Sniper Training

Organization 1-2 1-3. Personnel Selection Criteria 1-3 1-4. Sniper and Observer Responsibilities 1-5 1-5. Tfeam Firing Section I. M24 Sniper Weapon System 2-1 2-1. Operations and Functions 2-4 2-2. Inspection 2-9 2-3. Care and Maintenance 2-9 2-4. Disassembly 2-15 2-5. Loading and Unloading 2-17 2-6. DISTRIBUTION RESTRICTION Approved for public release distribution is unlimited. *This publication supersedes TC 23-14, 14 June 1989. Section II. Ammunition 2-18 2-7. 'types...

Integrated Act Of Firing

Once the sniper has been taught the fundamentals of marksmanship, his primary concern is his ability to apply it in the performance of his mission. An effective method of applying fundamentals is through the use of the integrated act of firing one round. The integrated act is a logical, step-by-step development of fundamentals whereby the sniper can develop habits that enable him to fire each shot the same way. The integrated act of firing can be divided into four distinct phases a. Preparation...

Mission Preparation

The sniper team uses planning factors to estimate the amount of time, coordinating and effort that must be expended to support the impending mission. Arms, ammunition, and equipment are METT-T dependent. Planning and coordination are essential procedures that occur during the preparation phase of a mission. The sniper team may receive a mission briefing in either written or oral form FRAGO . Usually, the team mission is stated specifically as to who, what, when, where, ana why how. On receipt...

Jungle Areas

Radio communications in jungle areas must be carefully planned, because the dense jungle growth reduces the range of radio transmission. However, since single-channel radio can be deployed in many configurations, especially man-packed, it is a valuable communications asset. The capabilities and limitations of single-channel radio must be carefully considered when used by forces in a jungle environment. The mobility and various configurations in which a single-channel radio can be deployed are...

Night Techniques

Without night vision devices, the sniper team must depend upon eyesight. Regardless of night brightness, the human eye cannot function at night with daylight precision. For maximum effectiveness, the sniper team must apply the following principles of night vision a. Night Adaptation. The sniper team should wear sunglasses or red-lensed goggles in lighted areas before departing on a mission. After departure, the team makes a darkness adaptation and listening halt for 30 minutes. b. Off-Center...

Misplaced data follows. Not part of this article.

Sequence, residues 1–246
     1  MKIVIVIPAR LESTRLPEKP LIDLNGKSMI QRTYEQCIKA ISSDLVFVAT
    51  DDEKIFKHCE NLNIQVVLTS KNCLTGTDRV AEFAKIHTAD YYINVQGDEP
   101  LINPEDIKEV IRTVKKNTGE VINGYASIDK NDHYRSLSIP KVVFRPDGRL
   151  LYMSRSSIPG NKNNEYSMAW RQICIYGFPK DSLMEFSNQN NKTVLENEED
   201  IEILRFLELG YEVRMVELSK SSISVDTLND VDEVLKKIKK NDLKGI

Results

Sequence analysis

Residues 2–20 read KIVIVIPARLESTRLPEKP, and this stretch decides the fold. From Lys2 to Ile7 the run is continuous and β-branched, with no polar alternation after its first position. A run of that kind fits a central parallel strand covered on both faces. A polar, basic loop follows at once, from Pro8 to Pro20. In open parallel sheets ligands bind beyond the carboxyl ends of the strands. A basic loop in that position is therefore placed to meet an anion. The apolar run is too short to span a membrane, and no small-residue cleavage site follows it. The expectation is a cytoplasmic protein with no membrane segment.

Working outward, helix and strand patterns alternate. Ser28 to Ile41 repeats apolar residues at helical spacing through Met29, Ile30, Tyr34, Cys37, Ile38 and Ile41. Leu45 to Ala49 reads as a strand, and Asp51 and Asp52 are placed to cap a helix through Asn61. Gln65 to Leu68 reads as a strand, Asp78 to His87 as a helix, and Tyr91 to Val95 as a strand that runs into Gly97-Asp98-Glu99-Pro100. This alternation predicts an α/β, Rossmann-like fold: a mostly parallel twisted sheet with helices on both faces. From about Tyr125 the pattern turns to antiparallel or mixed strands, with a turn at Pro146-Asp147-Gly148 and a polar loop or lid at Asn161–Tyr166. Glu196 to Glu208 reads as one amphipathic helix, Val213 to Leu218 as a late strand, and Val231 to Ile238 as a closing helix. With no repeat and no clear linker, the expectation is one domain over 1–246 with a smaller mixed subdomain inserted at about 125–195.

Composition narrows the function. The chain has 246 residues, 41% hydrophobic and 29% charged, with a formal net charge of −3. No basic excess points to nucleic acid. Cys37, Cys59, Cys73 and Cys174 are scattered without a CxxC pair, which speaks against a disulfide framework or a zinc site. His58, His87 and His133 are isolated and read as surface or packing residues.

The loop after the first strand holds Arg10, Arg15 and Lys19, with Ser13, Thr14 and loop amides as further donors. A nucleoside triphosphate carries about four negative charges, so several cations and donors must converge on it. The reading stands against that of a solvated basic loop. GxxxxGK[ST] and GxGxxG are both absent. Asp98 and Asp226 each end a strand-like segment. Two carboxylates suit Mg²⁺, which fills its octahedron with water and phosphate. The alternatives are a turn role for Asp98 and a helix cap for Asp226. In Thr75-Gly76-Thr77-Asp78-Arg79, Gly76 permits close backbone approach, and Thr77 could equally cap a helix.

Sniper Sustainment Training

Wind Estimation Sniper

Repetitive training in long-range markmanship and field-craft skills ensures the best probability of effective engagement and the minimum risk of detection. Snipers must sustain basic soldier skills and master and sustain critical mission skills to accomplish their objectives. Both sniper and observer are trained snipers and should be highly skilled in the art of sniping. Sniping skills perish quickly therefore, sniper teams must sustain and sharpen those skills regularly. To deny the...

Hasty And Detailed Searches

Hasty Search Sniper

While observing a target area, the sniper team alternately conducts two types of visual searches hasty and detailed. a. A hasty search is the first phase of observing a target area. The observer conducts a hasty search immediately after the team occupies the firing position. A hasty search consists of quick glances with binoculars at specific points, terrain features, or other areas that could conceal the enemy. The observer views the area closest to the team's position first since it could...

Individual Movement Techniques

Sniper High Crawl

The individual movement techniques used by the sniper team are designed to allow movement without being detected. These movement techniques are sniper low crawl, medium crawl, high crawl, hand-and-knees crawl, and walking. a. Sniper Low Crawl. The sniper low crawl Figure 4-3 is used when concealment is extremely limited, when close to the enemy, or when occupying a firing position. b. Medium Crawl. The medium crawl Figure 4-4 is used when concealment is limited and the team needs to move...

Training Notes

Snipers should be trained IAW DA Pamphlet 350-38. Training includes knowledge of equipment, ammunition, range and terrain requirements, and techniques of training and sustaining the skills of the sniper team. a. Equipment. During all FIXs, each sniper should be equipped as indicated in Chapter 2. Team equipment should be available as needed. b. Known Distance Range Requirements. A standard known-distance range, graduated in 100-meter increments from 100 to 1,000 meters, is required for zeroing...

Section I M24 Sniper Weapon System

M24 Sniper Weapon System Parts